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The True Scale of the Regional Problem in the UK

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  • Stephen Fothergill

Abstract

This article argues that the scale of unemployment in the UK, and the differences between regions, are severely understated by claimant unemployment data. It explains how unemployment becomes 'hidden', in particular by a major diversion of older and less healthy workers from unemployment-related benefits, and how this process is especially marked in the traditional industrial parts of northern Britain. The true scale of regional differences in joblessness is also underlined by employment rates in different parts of the country.

Suggested Citation

  • Stephen Fothergill, 2001. "The True Scale of the Regional Problem in the UK," Regional Studies, Taylor & Francis Journals, vol. 35(3), pages 241-246.
  • Handle: RePEc:taf:regstd:v:35:y:2001:i:3:p:241-246
    DOI: 10.1080/00343400123960
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    References listed on IDEAS

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    1. John Sutherland, 1999. "Further reflections on hidden unemployment: An examination of the off-flows from the claimant count in the North West of England," Regional Studies, Taylor & Francis Journals, vol. 33(5), pages 465-476.
    2. David Armstrong, 1999. "Hidden Male Unemployment in Northern Ireland," Regional Studies, Taylor & Francis Journals, vol. 33(6), pages 499-511.
    3. R R MacKay, 1999. "Work and nonwork: a more difficult labour market," Environment and Planning A, Pion Ltd, London, vol. 31(11), pages 1919-1934, November.
    4. A. E. Green, 1999. "Insights into unemployment and non-employment in Europe using alternative measures," Regional Studies, Taylor & Francis Journals, vol. 33(5), pages 453-464.
    5. Christina Beatty & Stephen Fothergill, 1996. "Labour Market Adjustment in Areas of Chronic Industrial Decline: The Case of the UK Coalfields," Regional Studies, Taylor & Francis Journals, vol. 30(7), pages 627-640.
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    Citations

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    Cited by:

    1. Stephen Drinkwater, 2015. "Informal Caring and Labour Market Outcomes Within England and Wales," Regional Studies, Taylor & Francis Journals, vol. 49(2), pages 273-286, February.
    2. Maja Prudzienica, 2012. "Disabled Persons on Labour Market - Analysis of Solutions in Poland and Selected EU Countries," MIC 2012: Managing Transformation with Creativity; Proceedings of the 13th International Conference, Budapest, 22–24 November 2012 [Selected Papers], University of Primorska, Faculty of Management Koper.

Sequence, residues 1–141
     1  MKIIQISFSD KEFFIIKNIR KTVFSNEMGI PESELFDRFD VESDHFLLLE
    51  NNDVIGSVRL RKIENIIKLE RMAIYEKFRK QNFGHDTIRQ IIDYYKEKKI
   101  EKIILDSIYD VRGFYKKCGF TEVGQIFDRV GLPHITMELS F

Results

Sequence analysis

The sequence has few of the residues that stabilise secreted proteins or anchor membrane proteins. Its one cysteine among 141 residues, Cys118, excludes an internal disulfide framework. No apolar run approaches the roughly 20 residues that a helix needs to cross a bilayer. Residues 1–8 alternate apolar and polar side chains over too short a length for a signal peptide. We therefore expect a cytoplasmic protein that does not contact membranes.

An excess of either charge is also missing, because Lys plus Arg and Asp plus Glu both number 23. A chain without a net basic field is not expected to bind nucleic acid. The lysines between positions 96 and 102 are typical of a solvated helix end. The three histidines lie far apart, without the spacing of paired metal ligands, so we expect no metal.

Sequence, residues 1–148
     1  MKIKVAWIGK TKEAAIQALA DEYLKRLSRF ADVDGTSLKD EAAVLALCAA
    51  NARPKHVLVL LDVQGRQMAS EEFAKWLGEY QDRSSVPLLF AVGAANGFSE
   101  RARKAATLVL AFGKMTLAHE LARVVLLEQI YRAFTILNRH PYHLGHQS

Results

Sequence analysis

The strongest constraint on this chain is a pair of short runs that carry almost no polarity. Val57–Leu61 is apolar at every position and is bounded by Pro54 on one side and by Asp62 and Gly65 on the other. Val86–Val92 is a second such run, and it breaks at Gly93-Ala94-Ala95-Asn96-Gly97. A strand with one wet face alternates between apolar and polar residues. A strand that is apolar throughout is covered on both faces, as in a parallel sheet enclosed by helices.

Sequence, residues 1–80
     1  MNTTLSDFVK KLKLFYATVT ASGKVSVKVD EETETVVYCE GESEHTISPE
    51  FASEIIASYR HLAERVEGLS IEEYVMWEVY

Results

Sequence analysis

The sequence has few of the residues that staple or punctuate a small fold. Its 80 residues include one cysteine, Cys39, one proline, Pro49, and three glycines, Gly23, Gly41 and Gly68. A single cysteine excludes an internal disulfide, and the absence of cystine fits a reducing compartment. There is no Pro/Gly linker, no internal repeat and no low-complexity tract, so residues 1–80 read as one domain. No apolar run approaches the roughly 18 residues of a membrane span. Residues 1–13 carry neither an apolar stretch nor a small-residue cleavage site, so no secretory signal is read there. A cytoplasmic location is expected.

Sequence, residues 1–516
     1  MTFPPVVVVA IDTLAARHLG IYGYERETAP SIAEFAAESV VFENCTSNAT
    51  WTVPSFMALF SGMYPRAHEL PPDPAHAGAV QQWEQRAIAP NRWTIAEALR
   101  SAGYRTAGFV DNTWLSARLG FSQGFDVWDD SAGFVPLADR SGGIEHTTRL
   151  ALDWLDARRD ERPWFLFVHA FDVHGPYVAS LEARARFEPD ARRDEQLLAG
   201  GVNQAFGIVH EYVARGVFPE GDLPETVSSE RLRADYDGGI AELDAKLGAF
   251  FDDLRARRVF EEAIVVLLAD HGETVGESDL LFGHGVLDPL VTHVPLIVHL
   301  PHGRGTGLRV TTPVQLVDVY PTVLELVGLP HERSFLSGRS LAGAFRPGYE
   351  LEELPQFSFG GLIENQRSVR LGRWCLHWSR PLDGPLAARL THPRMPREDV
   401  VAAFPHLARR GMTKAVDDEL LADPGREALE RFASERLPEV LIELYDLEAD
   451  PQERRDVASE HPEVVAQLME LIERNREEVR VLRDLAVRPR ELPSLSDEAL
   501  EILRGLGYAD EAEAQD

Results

3. Duncan McVicar, 2006. "Why do disability benefit rolls vary between regions? A review of the evidence from the USA and the UK," Regional Studies, Taylor & Francis Journals, vol. 40(5), pages 519-533.
    4. Robert Dixon, 2007. "Regional Differences in the Severity of Recessions in the UK," Department of Economics - Working Papers Series 1009, The University of Melbourne.
    5. Kevin Morgan, 2002. "English Question: Regional Perspectives on a Fractured Nation," Regional Studies, Taylor & Francis Journals, vol. 36(7), pages 797-810.
    6. Stephen Drinkwater, 2003. "Estimating the willingness to move within Great Britain: Importance and implications," School of Economics Discussion Papers 1203, School of Economics, University of Surrey.
    7. Christina Beatty & Stephen Fothergill, 2002. "Hidden Unemployment Among Men: A Case Study," Regional Studies, Taylor & Francis Journals, vol. 36(8), pages 811-823.
    8. Andrew E. Burke & Michael A. Nolan & Felix R. FitzRoy, 2006. "Education and Regional Job Creation by the Self-Employed: The English North-South Divide," Papers on Entrepreneurship, Growth and Public Policy 2006-07, Max Planck Institute of Economics, Entrepreneurship, Growth and Public Policy Group.
    9. Tangian, Andranik S., 2005. "Composite indicator of German regional policy and its use for optimizing subsidies to regional labour markets," WSI Working Papers 138, The Institute of Economic and Social Research (WSI), Hans-Böckler-Foundation.
    10. Wouter Vermeulen, 2005. "Regional disparities in a small country? An assessment of the regional dimension to the Dutch labour market on the basis of regional unemployment and participation differentials," ERSA conference papers ersa05p207, European Regional Science Association.
    11. Peter Johnson, 2005. "Targeting Firm Births and Economic Regeneration in a Lagging Region," Small Business Economics, Springer, vol. 24(5), pages 451-464, June.
    12. Stephen Drinkwater & David Blackaby, 2004. "Migration and Labour Market Differences: The Case of Wales," School of Economics Discussion Papers 0604, School of Economics, University of Surrey.
    13. Whittaker, W & Sutton, M, 2010. "Mental health, work incapacity and State transfers: an analysis of the British Household Panel Survey," Health, Econometrics and Data Group (HEDG) Working Papers 10/21, HEDG, c/o Department of Economics, University of York.
    14. O'Leary, Nigel C. & Murphy, Philip D. & Latreille, Paul L. & Blackaby, David H. & Sloane, Peter J., 2005. "Accounting for Differences in Labour Market Outcomes in Great Britain: A Regional Analysis Using the Labour Force Survey," IZA Discussion Papers 1501, Institute for the Study of Labor (IZA).

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